I recall one specific moment from his life. My father had passed away. Several family members were staying in our house in Oklahoma awaiting the funeral. On the morning of the funeral, Poppy got up early in the morning to go to the restroom. On his way there, he fell. My brother and I heard him fall and immediately rushed in to find him. He was in bad shape—a cut on his ear, he couldn’t get up. We thought he might have broken his hip. We called the ambulance. As we waited there in that moment, my grandfather was undoubtedly in a lot of pain. Nevertheless, as we sat there with him on the floor, he looked up at me and said: “You know Wes, you have the most amazing little family.” That was my grandfather—always thinking of someone else. Always encouraging.

Another person I see when I close my eyes is his wife, Mildred Moll, or “Nana.” I had the opportunity—or blessing—to perform both of their funeral services. And when you do someone’s funeral, you get to hear a lot of stories about them—most of them good! As I was preparing to perform my grandmother’s funeral, I was reminded of just how strong she was. She was raised in a Christian home with Christian parents. But my grandfather was not. For years she took their three daughters to church without him. I never knew that! I cannot imagine a time when my grandfather did not go to church! But he didn’t, so my grandmother took their three daughters to church every week by herself. My grandmother was the sole spiritual leader of that family for a long time. It was my grandmother’s persistence and patience and love that finally convinced my grandfather to go to church. She was a strong, faithful, spiritual giant!

When you close your eyes, who do you see?

Some in this room might see Edwin Rasco, others might see Jim Welch: two great elders in the history of this church! I believe some in this room see Annie Pierce (or “Miss Annie”). I think it is important for us to remember the heroes of our faith. Doing so not only honors their memory, it also helps us aspire to greater heights in our own spiritual development.

When I remember my grandparents, I aspire to be better. I have a strong desire to leave the kind of legacy they left behind. I want my children (and someday my grandchildren) to remember me as a great spiritual example.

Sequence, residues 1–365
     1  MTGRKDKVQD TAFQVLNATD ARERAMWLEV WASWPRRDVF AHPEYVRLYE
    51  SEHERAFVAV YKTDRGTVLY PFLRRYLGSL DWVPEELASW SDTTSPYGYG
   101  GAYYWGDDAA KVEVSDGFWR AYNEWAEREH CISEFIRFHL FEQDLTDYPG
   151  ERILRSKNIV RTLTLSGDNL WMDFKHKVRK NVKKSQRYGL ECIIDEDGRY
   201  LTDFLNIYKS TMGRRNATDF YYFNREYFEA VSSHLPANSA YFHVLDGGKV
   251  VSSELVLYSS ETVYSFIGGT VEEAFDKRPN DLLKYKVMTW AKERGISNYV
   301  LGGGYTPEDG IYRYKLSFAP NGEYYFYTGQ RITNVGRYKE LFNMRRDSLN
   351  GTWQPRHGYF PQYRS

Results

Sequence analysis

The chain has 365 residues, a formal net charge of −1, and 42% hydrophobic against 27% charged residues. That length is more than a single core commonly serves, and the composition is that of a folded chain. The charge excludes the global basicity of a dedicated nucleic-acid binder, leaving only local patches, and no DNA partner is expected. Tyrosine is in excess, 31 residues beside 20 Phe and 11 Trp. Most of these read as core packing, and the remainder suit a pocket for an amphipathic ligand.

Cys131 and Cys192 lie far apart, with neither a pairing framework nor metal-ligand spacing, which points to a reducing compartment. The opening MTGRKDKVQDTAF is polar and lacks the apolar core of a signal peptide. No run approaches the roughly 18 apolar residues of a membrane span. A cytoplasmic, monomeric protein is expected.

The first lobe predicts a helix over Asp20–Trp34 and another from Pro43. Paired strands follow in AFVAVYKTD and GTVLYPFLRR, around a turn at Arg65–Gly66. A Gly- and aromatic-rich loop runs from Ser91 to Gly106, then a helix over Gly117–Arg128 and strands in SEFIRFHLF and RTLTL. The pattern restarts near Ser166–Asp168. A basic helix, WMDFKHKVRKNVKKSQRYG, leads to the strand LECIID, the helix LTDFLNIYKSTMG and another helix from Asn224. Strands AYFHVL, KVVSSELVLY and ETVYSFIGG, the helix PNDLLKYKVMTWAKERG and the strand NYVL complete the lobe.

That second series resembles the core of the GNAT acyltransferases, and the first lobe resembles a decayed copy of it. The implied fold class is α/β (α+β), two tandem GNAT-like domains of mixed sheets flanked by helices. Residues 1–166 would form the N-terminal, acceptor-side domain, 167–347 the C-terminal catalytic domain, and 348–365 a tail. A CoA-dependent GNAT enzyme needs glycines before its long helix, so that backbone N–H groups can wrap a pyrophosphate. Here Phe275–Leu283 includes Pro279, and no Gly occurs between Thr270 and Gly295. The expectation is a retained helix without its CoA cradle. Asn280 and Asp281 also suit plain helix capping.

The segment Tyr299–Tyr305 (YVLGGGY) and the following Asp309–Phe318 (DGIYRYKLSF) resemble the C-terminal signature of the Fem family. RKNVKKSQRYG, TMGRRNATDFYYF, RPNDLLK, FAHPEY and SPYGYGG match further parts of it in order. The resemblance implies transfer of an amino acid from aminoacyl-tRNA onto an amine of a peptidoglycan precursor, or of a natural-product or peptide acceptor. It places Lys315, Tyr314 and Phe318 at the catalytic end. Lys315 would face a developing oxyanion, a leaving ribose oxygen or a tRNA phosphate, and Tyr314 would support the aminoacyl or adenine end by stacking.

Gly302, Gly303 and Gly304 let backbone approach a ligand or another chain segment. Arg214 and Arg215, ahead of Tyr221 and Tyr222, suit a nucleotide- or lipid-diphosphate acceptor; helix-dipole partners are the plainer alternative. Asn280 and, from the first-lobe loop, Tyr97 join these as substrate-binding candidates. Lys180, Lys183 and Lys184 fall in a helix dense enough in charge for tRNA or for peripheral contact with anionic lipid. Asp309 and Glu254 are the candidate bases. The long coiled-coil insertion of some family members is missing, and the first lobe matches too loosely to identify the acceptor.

Whoever wrote Hebrews understood our need to remember heroes of the faith. The entire 11th chapter of Hebrews is filled with spiritual giants:
  • Abraham
  • Jacob
  • Moses
  • Rahab
  • Samson
And after the long list of names, he talks about an unnamed group of people—martyrs. People who had been tortured to death because of their faith. People who had been put in prison or were exiled because of their faith in God. And the first people who heard Hebrews read aloud would have heard those names and remembered! And I think they would have been inspired to follow their examples.

I want to read to you what the writer of Hebrews wrote immediately after that long list of names.
So then, let’s also run the race that is laid out in front of us, since we have such a great cloud of witnesses surrounding us. Let’s throw off any extra baggage, get rid of the sin that trips us up, and fix our eyes on Jesus, faith’s pioneer and perfecter. (Hebrews 12:1-2a)
I confess to you that I wrote two separate sermons this week. The first sermon got to this point, and then went in a pretty predictable direction. Let’s remember the great people of the past. Let’s do what the writer of Hebrews says right here: “Let’s fix our eyes on Jesus…” And when we work really hard, read our Bible more, pray more, spend more time alone with God, New Year’s Resolution-type stuff. Then, one day, we can become like them: heroes of the faith. And know that we are not alone. We have a great cloud of witnesses to serve as our examples. They went before us, paving the way to our spiritual transformation.

That sermon was done. Finished. In the bag. It’s not a bad sermon. There is a lot of truth in those words. But something happened early last week that made it impossible for me to preach that sermon this week. I read an article posted on social media by Ray Vannoy. I want to say it was a message from God—but at this point, we’ll just say it was Ray that posted the article. The article caught my eye because of its title: “Pastors and Depression.” This is a catchy title, especially if you are a pastor! Studies show that most pastors (an overwhelming majority) suffer from bouts of depression. Including this one!

I was at a conference for preachers late last year. There were over 100 preachers in that three-day conference. Every single preacher I talked to suffers from depression. Most of that depression comes from the same place. We feel like it is our duty to be spiritual giants, but most of us aren’t spiritual giants. We feel like we need to be happy, energetic, optimistic all of the time. When most of the time we are tired, depleted of energy, and frustrated. We went into ministry because we love God and we want to change the world for good! We wanted to build strong churches that would produce strong Christians that would radically change our communities. But we are leading churches that always seem to be less than perfect, struggling with divisiveness, filled with people just like us: broken.

I read that article because the title caught my eye. But I finished it because of how much I related to what its author was saying throughout the rest of the article. Its author is Brandon Cox, a pastor. The article encourages all of us to quit playing the game and instead acknowledge our brokenness. Listen to what he wrote: